So I have this issue where I love to workout, but only if I know exactly how many calories I'm burning and how far I'm going when I do it. For instance after the calorie/distance thing broke on my elliptical I completely stopped using it, although it is still a completely functional piece of exercise equipment.
The Nike+ shoes take care of my "need to know" as far as runnig in concerned. There is a tiny sensor in the shoes, and then another attachment I put on my iPod Nano. When I run, my ipod keeps track of what my average pace is, how far I've gone, how long I've run, and how many calories I've burned. When I get home I sync it up with the website and can track how much I've gone for the week or the month, or the year so far. You can set goals such as "I want to burn 10,000 calories this month" and the website will let you know where you should be on your goal and where you are. You can challenge other people with the shoes to virtual races, and literally keep up with every possibly detail about your running you could possibly need to know.
Before I go into any of the shortcomings of the Nike+ system, let me first say that this is the single best motivational tool (if used properly) to get you out of the house and on the road/track/treadmill. You turn on your iPod (or iPhone, in my case), find a good song, and start running. That's it. You run, pausing when your winded, and run some more. When you're done, you sync your Pod or Phone like you would normally, and it sends your data to the Nike+ … more
If you like to run on the treadmill because it records your mileage for you, but you get very bored of running in the same place for a long period of time, the Nike+ is right for you! What is it? The Nike Plus is a device that you place in your shoe (a compatible shoe), with a small insert you connect into your ipod that records the statistics for your workout while you run outdoors. It records workout time, calories burned, total mileage, and mile pace. The Set-up: You record … more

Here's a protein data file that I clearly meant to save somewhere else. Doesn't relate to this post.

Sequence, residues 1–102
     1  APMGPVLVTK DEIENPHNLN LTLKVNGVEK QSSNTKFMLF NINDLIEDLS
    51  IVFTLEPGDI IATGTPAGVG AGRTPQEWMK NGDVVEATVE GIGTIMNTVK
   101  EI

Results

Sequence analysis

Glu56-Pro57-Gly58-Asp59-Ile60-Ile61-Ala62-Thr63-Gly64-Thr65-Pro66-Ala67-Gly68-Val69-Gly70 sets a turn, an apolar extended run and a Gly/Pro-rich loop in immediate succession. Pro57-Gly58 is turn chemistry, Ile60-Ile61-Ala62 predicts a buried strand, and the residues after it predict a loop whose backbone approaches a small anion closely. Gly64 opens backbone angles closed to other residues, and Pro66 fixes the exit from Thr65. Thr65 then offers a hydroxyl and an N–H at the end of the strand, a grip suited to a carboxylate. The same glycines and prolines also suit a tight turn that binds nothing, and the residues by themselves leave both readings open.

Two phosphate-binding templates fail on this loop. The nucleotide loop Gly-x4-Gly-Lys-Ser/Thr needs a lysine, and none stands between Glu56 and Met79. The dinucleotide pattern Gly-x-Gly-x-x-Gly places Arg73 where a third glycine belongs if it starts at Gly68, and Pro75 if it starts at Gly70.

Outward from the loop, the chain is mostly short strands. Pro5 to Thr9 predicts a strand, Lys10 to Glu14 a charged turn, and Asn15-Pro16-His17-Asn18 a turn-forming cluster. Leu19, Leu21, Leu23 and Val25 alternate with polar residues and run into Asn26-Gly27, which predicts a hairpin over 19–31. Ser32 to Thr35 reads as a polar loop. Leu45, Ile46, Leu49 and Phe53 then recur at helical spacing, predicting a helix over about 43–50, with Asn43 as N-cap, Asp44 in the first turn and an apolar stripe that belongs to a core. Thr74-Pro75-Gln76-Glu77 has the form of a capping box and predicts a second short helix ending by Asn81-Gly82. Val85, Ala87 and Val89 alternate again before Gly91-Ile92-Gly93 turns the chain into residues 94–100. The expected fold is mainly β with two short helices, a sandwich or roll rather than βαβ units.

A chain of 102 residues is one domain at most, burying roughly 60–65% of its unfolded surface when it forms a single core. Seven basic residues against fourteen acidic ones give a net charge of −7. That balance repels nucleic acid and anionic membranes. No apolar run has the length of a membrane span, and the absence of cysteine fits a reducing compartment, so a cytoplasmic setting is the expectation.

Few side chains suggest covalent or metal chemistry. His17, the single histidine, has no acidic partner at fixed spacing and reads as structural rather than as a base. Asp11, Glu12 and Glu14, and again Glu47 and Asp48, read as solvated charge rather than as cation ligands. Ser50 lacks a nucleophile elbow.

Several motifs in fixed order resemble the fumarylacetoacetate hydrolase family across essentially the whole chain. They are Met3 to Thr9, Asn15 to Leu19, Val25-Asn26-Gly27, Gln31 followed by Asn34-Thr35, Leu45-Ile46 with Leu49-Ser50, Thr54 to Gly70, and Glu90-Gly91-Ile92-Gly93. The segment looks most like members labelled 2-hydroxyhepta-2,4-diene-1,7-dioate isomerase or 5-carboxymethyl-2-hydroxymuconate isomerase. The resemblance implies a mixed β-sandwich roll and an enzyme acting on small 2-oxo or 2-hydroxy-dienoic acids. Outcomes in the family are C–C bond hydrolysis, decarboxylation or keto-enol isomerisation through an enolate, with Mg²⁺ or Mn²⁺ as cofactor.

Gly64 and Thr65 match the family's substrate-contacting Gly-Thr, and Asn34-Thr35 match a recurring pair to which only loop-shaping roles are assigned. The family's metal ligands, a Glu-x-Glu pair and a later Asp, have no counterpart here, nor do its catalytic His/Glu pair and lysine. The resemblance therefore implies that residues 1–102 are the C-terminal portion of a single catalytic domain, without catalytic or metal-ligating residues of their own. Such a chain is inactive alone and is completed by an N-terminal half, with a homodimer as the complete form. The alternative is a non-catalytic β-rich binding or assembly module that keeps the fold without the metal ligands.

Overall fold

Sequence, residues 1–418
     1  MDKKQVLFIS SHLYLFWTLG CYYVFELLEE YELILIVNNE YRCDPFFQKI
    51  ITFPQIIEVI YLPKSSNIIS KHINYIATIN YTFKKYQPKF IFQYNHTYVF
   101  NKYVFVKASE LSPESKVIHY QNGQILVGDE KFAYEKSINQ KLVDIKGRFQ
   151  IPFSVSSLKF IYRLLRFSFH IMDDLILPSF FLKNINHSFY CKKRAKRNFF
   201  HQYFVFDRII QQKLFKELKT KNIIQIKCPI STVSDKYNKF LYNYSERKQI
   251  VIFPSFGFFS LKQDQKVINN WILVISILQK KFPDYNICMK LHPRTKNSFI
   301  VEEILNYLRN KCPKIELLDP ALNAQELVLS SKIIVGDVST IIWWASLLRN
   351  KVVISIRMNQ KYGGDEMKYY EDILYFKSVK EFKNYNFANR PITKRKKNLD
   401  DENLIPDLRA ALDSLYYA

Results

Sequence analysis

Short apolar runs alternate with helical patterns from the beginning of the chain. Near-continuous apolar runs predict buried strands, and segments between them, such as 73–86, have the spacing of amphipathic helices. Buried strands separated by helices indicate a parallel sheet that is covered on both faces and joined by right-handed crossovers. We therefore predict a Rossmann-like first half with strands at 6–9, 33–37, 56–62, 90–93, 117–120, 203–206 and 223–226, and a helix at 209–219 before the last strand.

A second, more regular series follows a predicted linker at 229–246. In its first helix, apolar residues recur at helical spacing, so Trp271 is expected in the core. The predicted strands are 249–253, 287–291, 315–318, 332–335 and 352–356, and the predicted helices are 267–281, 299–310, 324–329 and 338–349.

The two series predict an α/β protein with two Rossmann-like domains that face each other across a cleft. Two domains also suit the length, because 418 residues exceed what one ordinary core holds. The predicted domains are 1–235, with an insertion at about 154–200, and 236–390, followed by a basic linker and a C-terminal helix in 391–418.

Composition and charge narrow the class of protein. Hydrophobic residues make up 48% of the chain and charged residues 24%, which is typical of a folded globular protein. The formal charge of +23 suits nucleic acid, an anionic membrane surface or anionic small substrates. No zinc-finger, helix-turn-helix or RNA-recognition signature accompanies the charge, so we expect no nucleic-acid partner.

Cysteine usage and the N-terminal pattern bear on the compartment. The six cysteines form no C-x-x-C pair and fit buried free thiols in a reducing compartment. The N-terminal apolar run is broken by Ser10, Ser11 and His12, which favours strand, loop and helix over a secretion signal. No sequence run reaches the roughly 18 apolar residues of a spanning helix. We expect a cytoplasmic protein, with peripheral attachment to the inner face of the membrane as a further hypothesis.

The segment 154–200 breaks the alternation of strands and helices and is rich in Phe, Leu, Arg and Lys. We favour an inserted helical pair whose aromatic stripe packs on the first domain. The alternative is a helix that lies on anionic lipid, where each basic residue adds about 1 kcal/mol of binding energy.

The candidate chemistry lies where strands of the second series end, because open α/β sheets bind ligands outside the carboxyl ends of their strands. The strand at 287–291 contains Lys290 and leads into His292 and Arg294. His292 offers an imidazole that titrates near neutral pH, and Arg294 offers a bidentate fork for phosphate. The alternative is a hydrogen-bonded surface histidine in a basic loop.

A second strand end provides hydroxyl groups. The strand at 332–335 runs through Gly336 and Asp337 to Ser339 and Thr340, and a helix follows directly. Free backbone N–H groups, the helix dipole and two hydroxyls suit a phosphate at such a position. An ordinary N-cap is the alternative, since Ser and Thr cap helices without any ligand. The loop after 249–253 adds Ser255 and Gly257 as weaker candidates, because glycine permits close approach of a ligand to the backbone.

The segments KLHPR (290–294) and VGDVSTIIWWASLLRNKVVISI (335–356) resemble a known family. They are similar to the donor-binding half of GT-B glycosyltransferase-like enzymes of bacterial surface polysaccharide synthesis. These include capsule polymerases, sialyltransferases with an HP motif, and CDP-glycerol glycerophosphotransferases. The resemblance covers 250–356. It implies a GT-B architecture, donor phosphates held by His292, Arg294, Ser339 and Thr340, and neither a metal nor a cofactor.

The Nike+iPod Sports Kit is a device which measures and records the distance and pace of a walk or run. The Nike+iPod consists of a small accelerometer attached to or embedded in a shoe, which communicates with either the Nike+ Sportband, a receiver plugged into an iPod Nano, or directly with an iPod Touch 2nd Generation or iPhone 3GS. If using the iPod or the iPhone 3GS, iTunes software can be used to view the walk or run history.
The sensor and iPod kit was revealed on May 20, 2006. The kit is able to store information such as the elapsed time of the workout, the distance traveled, pace, or calories burned by the individual wearing the shoes, and display it on the screen or broadcast it through the headphones of an iPod
The sensor and Sportband kit was announced in April 2008. The kit allows users to store run information without the iPod Nano. The Sportband consists of two parts: a rubber holding strap which is worn around the wrist, and the receiver which resembles a USB key-disk. The receiver displays information comparable to that of the iPod kit on the built-in display. After a run, the receiver can be plugged straight into a USB port and the software will upload the run information automatically to the Nike+ website.
As of August 2008 "Nike+iPod for the Gym" launched, allowing users to record their cardio workouts directly to their iPods. No Sport kit or shoe sensor is required; all that is needed is a compatible iPod (3rd–4th generation iPod Nano ...